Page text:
An extra 30 medical students will do their studies each year in the University of Wollongong's end-to-end rural medical program as part of a $90 million Australian Government investment.
Students in the rural end-to-end program, undertake all of their studies in a rural or regional setting.
The government is providing an additional 15 Commonwealth Supported Places to UOW each year for students to undertake the program. The University will match and potentially exceed that number from its existing allocation of medical student places.
The initiative is designed to train more students in rural areas in order to attract more doctors to work in regional and rural Australia.
Evidence shows that medical students who are placed for a year or more in rural and regional settings are more likely to stay and practise in rural and regional areas after they graduate.
UOW has also received an additional $16.3 million in government funding to invest in infrastructure and staff for the end-to-end rural medical program.
Vice-Chancellor and president Professor Patricia M. Davidson welcomed the announcement, which recognised UOW's successful track record in creating rural and regional medical specialists.
"The University of Wollongong is committed to improving the health and wellbeing of Australians living in rural settings," Professor Davidson said.
"The UOW Graduate School of Medicine was set up to train doctors for rural, regional and remote areas, and was the first medical school in the country in which up to 70 per cent of students spend a full year of clinical education in a rural community.
"This announcement will enable us to expand our efforts to improve the quality of care given to patients in country hospitals and rural practices."
UOW Dean of Medicine Professor Zsuzsoka Kecskes said the Graduate School of Medicine was a recognised leader in the provision of medical education in rural areas.
"UOW is committed to a strong rural focus in our medical education program. Each year we know that a significant proportion of our alumni will choose to live and work in rural communities, which we are very proud of," Professor Kecskes said.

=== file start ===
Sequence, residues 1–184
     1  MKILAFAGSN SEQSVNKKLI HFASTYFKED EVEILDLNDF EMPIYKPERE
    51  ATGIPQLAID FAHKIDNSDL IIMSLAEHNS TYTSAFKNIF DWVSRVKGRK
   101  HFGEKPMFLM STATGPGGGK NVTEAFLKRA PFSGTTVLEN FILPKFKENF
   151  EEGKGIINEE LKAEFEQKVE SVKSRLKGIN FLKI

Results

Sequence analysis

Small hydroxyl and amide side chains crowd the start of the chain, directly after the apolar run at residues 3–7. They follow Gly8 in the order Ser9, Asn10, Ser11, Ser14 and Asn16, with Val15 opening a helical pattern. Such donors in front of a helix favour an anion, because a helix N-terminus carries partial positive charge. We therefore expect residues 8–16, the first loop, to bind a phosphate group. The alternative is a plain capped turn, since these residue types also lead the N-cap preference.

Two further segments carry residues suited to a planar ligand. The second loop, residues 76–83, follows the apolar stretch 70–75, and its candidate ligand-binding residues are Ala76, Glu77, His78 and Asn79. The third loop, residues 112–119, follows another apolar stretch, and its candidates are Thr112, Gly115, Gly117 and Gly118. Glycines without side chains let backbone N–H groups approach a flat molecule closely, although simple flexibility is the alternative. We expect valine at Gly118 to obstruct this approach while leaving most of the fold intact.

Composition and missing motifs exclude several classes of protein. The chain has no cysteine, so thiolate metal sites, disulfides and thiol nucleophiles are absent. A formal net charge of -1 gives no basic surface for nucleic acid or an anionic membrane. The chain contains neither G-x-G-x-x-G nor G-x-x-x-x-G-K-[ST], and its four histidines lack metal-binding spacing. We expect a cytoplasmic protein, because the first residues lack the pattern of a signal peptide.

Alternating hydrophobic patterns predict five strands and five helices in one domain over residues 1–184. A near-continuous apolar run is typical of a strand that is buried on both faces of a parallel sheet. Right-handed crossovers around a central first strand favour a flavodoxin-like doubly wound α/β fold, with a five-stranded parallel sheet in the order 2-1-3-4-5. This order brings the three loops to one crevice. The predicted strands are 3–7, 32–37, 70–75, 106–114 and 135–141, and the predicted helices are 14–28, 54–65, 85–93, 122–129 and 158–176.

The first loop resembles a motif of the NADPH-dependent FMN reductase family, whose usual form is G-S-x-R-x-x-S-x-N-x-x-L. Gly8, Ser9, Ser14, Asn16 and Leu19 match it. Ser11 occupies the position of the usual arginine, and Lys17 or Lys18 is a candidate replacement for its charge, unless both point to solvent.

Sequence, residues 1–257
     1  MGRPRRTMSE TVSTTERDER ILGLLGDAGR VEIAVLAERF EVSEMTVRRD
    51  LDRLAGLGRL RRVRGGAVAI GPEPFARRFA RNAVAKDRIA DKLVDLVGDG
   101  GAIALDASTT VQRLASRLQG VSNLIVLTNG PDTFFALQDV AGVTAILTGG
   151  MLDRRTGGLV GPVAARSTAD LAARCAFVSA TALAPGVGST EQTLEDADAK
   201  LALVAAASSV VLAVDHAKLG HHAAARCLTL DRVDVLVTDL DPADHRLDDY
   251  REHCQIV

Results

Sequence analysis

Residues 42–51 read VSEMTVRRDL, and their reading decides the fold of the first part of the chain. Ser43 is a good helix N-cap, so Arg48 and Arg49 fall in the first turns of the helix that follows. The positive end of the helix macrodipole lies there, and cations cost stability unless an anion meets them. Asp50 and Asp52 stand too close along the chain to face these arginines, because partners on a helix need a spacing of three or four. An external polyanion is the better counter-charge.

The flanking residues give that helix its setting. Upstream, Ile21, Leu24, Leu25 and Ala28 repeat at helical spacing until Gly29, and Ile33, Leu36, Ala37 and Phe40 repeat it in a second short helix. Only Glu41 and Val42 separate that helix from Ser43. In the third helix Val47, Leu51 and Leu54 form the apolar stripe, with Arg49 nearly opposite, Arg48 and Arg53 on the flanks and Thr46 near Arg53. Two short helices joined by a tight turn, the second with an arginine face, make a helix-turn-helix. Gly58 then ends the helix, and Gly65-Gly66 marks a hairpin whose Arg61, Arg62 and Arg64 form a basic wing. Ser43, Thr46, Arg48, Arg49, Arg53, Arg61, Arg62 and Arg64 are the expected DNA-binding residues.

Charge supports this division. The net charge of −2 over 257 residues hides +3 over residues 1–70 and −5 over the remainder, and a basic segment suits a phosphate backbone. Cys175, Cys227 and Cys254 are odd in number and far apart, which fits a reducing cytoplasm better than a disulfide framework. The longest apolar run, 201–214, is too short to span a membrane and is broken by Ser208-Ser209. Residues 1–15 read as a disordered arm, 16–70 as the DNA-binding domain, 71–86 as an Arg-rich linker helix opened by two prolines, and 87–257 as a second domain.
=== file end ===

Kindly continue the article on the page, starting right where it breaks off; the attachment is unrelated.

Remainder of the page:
"This investment by government allows UOW to strengthen and grow its high-quality education of medical students in rural communities, continue to invest in rural communities to ensure high-quality medical training for our students, which is a strong pathway to addressing the medical workforce shortages in rural areas.
"UOW commends the government on initiatives like this where universities can work with rural communities to embed medical education and ensure that future doctors continue to learn about, with and from communities."
Senior Professor Eileen McLaughlin, Interim Deputy Vice-Chancellor (Academic and Student Life), said the government investment was testament to UOW's regional and rural focus.
"The UOW medical program already has a strong rural focus with at least 56 per cent of its students having a rural background, and 70 per cent of students completing a year-long rural clinical placement, in communities including Milton/Ulladulla, Forbes, Mudgee, Grafton, Lismore, Griffith, Broken Hill, and elsewhere," Professor McLaughlin said.
"Seventy-two per cent of all UOW medicine graduates who have attained specialty registration have specialised as General Practitioners and 40 per cent of these work rurally."
There are UOW Graduate School of Medicine alumni practising in every Australian state and territory, from Kalgoorlie to Alice Springs to Cooktown, from Warrnambool to Yackandandah to Launceston, from Broken Hill to Grafton to Wagga Wagga.